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A Word, Please:

It all has to agree, so we don’t disagree

April 09, 2008|By JUNE CASAGRANDE

Bill in Los Angeles wrote recently to ask about agreement issues.

“Which of these,” he asked, “is correct? 1. When women smoke, they may damage their fetus. 2. When women smoke, they may damage their fetuses. Joseph Williams’ ‘Style: Ten Lessons in Clarity and Grace’ gives No. 1 with the singular as the correct answer. What is the rule for this problem? To be honest, I’ve polled a dozen grammar experts across the country and received different answers. Each expert seems pretty certain that he or she is right.”

I find it very interesting that Bill has received different answers for this. I can’t imagine why someone would think the singular “fetus” would be preferable. (Then again, I’m writing this before I’ve had my coffee. So maybe that’s why.)


A woman has a fetus. Women have fetuses. The word “their” seems to make this even clearer. “Their fetus” suggests group ownership of a single one.

I’m not familiar with the book Bill referred to, but I do happen to know that just about any hack can write a grammar book (trust me). So I turned to one I suspect is a lot more authoritative.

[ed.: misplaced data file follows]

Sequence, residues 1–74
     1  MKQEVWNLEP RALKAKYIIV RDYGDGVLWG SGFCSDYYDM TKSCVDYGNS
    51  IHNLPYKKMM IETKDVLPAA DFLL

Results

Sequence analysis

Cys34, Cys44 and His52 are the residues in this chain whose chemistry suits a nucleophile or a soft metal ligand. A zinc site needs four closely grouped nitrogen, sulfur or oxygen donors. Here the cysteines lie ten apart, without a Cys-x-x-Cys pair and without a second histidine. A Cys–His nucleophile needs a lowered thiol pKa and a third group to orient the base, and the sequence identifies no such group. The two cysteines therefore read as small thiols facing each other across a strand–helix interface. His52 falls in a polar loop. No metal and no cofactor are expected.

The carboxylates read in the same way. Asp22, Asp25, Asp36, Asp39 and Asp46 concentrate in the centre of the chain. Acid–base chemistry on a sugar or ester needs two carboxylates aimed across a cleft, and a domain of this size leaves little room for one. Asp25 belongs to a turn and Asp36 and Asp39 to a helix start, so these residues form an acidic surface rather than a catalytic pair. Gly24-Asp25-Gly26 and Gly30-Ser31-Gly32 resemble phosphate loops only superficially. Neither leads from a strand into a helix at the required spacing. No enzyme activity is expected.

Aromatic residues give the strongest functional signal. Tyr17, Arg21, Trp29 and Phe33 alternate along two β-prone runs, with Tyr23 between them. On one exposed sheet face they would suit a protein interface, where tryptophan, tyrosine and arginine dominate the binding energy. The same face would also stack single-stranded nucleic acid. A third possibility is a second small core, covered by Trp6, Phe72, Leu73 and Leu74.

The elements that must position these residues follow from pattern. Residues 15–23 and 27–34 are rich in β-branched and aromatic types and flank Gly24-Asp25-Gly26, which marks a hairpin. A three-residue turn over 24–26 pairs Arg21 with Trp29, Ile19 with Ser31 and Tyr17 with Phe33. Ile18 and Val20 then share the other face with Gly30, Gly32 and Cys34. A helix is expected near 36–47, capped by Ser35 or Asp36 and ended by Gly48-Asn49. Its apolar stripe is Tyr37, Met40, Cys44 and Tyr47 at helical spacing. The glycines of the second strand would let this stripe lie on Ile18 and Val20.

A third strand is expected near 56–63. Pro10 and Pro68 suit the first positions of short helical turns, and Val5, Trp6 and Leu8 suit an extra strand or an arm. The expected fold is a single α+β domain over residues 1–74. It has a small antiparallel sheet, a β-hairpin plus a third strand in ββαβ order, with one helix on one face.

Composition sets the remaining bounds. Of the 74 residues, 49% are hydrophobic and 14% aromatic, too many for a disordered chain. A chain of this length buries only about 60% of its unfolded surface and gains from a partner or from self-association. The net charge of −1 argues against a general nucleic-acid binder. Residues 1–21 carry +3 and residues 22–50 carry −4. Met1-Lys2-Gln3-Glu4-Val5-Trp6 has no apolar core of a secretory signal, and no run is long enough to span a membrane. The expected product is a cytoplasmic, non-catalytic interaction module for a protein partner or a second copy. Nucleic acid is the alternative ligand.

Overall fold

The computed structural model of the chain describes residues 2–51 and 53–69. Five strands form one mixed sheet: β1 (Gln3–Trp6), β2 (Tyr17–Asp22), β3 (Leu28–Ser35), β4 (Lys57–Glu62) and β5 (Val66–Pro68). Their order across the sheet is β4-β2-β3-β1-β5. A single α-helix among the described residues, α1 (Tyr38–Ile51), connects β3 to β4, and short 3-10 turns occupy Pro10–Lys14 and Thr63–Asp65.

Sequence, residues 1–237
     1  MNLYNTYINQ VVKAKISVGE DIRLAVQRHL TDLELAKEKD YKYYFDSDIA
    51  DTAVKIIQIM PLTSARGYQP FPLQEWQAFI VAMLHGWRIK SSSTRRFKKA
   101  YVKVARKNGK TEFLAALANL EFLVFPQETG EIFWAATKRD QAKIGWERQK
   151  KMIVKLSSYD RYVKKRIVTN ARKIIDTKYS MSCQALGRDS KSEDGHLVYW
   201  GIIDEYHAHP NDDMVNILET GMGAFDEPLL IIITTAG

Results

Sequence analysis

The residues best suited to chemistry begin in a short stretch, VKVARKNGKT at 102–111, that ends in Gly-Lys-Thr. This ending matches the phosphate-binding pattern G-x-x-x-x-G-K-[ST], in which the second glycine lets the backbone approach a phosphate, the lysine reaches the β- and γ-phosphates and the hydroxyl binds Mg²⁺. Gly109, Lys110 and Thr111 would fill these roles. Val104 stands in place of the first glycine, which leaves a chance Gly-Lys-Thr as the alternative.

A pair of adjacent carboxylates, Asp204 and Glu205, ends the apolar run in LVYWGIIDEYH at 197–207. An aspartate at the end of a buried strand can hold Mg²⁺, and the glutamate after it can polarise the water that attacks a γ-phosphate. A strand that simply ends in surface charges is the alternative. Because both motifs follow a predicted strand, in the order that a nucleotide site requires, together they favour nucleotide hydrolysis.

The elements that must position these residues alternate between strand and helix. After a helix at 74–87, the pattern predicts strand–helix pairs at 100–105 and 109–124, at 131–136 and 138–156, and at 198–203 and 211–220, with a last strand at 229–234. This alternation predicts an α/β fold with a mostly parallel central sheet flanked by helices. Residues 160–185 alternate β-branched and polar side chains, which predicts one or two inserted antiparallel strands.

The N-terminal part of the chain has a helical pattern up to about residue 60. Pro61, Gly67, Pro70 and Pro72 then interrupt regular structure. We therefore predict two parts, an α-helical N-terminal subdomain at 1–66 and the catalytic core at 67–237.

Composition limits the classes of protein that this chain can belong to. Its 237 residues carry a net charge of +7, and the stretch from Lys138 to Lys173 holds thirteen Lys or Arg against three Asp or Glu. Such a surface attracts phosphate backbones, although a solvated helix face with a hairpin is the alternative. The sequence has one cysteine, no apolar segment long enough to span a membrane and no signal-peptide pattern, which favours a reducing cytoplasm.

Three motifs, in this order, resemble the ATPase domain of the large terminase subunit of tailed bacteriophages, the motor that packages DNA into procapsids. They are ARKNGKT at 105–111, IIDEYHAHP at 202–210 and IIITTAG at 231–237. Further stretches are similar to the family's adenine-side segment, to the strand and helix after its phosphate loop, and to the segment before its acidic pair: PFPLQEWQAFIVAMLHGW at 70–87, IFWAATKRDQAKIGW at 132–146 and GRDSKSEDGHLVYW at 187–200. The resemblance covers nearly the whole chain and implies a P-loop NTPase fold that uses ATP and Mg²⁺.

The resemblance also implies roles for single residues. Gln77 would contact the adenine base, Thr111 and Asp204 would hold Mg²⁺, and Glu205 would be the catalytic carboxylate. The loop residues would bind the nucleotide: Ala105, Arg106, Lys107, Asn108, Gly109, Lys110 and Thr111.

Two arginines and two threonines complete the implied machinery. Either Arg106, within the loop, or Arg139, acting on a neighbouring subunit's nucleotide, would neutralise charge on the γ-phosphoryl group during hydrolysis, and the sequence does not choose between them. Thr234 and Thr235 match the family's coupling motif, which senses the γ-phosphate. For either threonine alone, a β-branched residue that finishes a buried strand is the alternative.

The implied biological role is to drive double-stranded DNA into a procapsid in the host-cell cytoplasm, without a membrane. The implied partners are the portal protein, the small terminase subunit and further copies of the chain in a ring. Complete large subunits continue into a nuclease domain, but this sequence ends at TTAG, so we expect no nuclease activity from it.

“Garner’s Modern American Usage” was written by the same guy who wrote the grammar section of the “Chicago Manual of Style.” The Chicago manual is pretty much the bible of the book-publishing world. So I suspect that Garner trumps this Williams character.

Here’s what “Garner’s” says: “Another common mistake, in American English and British English alike, is to attribute one result to two separate subjects, when logically a separate result necessarily occurred with each subject — e.g.: “In school, seats are not assigned, yet students tend to sit in the same seats or nearly the same each time, and sometimes feel vaguely resentful if someone else gets [read ‘others get’] there first and takes their seat [read ‘take their seats’]. .?.?. Sometimes neither the singular nor the plural can prevent ambiguity. As [Barbara Wallraff] pointed out, in ‘Both men rely heavily on their wives,’ the men may or may not be bigamists; but if the sentence is written ‘Both men rely heavily on their wife,’ then she most certainly is one.”

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